My biggest complaint regarding 4th edition, and really everything since 2nd Advanced, is that the game has become bloated with complexity. Once upon a time, D&D was the kind of game you could give your 10 year old kid and they could play on their own in a matter of minutes. I'd kind of like to move back towards that both for nostalgia's sake and for ease of play. I don't want to reinvent the wheel though. Here are some ideas I've had to patch the existing game.
1. The DM's word is law
This is a fairly common idea, but with the glut of rules it's easy to be a rules lawyer. I think we need to emphasize that the DM can suspend or alter any rule he or she chooses at any time. Similarly, the DM can make up a rule on the fly for any situation that isn't immediately familiar for expediency without bothering to reference a rule book.
2. One defense
Multiple defenses trip up my older players a lot. It makes sense to divide up the defenses into the different areas, but I think it can be more simply handled without breaking the game. I think all defenses can aggregate down to AC with modifiers based on role to account for the different nature of some attacks. For example, magic users would get a +2 versus spells and other magical effects, and clerics would get a +2 versus undead and mind altering effects.
3. No opportunity actions
I like the idea behind opportunity actions. However, they too trip up my older players and confuse my new people. They also don't interfere with movement as much as they probably are intended to. I'd just as soon do away with them. This is a problematic idea with 4e though because opportunity actions and interrupts in general are so common. Removing them practically requires a full rewrite of any Defender class and many other powers. Perhaps instead of granting opportunity attacks, immediate interrupts can be folded into a general bonus to damage against offending targets. I'll have to think on this a bit more.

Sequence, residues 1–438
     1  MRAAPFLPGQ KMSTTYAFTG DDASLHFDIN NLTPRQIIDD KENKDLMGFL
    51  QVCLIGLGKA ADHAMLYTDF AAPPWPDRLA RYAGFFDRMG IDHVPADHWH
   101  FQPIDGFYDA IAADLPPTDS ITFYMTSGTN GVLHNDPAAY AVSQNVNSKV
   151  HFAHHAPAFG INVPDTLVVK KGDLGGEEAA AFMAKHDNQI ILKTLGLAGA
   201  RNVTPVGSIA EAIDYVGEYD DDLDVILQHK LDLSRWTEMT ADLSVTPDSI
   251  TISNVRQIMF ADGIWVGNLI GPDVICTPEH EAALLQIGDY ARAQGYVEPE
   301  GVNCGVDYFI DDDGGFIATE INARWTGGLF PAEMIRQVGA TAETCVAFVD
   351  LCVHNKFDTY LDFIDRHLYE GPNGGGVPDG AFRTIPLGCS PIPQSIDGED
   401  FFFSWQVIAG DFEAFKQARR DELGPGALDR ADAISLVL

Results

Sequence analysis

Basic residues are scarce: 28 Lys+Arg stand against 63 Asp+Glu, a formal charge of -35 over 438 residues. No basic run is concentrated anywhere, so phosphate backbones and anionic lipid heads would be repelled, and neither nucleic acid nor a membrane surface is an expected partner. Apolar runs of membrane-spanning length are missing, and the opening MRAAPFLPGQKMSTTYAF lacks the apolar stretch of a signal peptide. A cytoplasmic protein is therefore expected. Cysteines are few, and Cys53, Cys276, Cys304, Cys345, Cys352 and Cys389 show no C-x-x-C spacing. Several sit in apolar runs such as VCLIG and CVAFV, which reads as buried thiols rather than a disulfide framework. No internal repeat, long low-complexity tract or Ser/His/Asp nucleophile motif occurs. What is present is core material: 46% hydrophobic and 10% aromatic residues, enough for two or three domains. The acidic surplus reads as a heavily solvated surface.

4. Halve powers
Too many special powers paralyzes my players. I think they'd be just as happy with fewer options in play if they continued to have them outside of play. I appreciate the situational options of having multiple at-wills, but at the same time I think it would demand greater creativity from my players to use their common abilities and skills instead. I'd have most characters limited to one at-will, one encounter, and one daily power to start and probably have them swap out old powers for new ones instead of gaining more as they level up. I'd still want wizards still get more because it's kind of their thing, but even they would have fewer available powers in any given encounter.
5. No feats, backgrounds, or themes
Feats are a useful way to tailor a character's abilities, but they're also an unnecessary layer of complexity. I'd remove them entirely for the sake of expediting character generation. Likewise no Backgrounds or Themes. These increase the variables of character generation to offer players mechanical means of reflecting their background stories. I don't think that's necessary. A conversation with the DM should be enough to secure some small bonus in specific situations based on a background element.
Just to recap, applying these five changes would reduce character generation to selecting a stat array, applying racial modifications, selecting a class, and choosing powers, then equipment. That's still a couple more steps than I'd like. Maybe switching to a single stat array and using equipiment packages based on role would speed things up further. The changes would streamline combat down to all attacks going against one defense, reducing confusion and speeding up the pace. Without opportunity actions to trip things up, the only way players could interrupt the normal course of a round would be to declare a contingent action and hold.
Obviously, applying any changes will cause problems to present themselves. 4e is a carefully crafted tower and pulling parts out is likely to make it wobble a bit. Any other suggestions?